Soul Food

not my photo.

Wilt thou love God, as he thee! then digest,
My Soule, this wholsome meditation,
How God the Spirit, by Angels waited on
In heaven, doth make his Temple in thy brest.
The Father having begot a Sonne most blest,
And still begetting, (for he ne’r begonne)
Hath deign’d to chuse thee by adoption,
Coheire to his glory, and Sabbaths endlesse rest.
And as a robb’d man, which by search doth finde
His stolne stuffe sold, must lose or buy it againe:
The Sonne of glory came downe, and was slaine,
Us whom he had made, and Satan stolne, to unbinde.
Twas much, that man was made like God before,
But, that God should be made like man, much more.

-John Donne

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Of Mourning: A Valediction

As virtuous men pass mildly away,
And whisper to their souls, to go,
Whilst some of their sad friends do say:
‘The breath goes now’, and some say: ‘No’:

So let us melt, and make no noise,
No tear-floods, nor sigh-tempests move;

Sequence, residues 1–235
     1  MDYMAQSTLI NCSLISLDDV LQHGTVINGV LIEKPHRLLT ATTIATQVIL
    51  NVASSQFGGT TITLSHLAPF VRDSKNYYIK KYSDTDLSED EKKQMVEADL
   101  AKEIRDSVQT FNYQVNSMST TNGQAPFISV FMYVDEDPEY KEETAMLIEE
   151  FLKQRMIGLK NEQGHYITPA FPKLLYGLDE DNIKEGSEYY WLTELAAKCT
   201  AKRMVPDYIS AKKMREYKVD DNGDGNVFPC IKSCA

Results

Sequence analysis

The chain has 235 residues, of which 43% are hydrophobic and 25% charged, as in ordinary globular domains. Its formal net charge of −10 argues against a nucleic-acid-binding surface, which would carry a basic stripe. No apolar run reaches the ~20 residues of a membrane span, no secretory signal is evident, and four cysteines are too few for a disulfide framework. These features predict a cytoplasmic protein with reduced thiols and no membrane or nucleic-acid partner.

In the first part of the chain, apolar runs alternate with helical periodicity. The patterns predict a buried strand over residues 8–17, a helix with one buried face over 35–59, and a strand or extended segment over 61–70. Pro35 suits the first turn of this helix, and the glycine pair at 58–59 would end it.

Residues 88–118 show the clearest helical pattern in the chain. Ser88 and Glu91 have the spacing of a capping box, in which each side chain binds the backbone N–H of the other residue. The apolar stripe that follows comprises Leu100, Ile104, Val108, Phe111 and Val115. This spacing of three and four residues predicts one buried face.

‘Twere profanation of our joys
To tell the laity our love.

Moving of the earth brings harms and fears;
Men reckon what it did and meant:
But trepidation of the spheres,
Though greater far, is innocent.

Dull sublunary lover’s love
(Whose soul is sense) cannot admit
Absence, because it doth remove
Those things which elemented it.

But we, by a love so much refin’d
That our selves know not what it is,
Inter-assured of the mind,
Care less, eyes, lips, and hands to miss.

Our two souls therefore, which are one,
Though I must go, endure not yet
A breach, but an expansion,
Like gold to airy thinness beat.

If they be two, they are two so
As stiff twin compasses are two:
Thy soul, the fix’d foot, makes no show
To move, but doth, if the other do;

And though it in the centre sit,
Yet when the other far doth roam,
It leans, and hearkens after it,
And grows erect, as that comes home.

Such wilt thou be to me, who must,
Like the other foot, obliquely run:
Thy firmness makes my circle just,
And makes me end where I begun.

-John Donne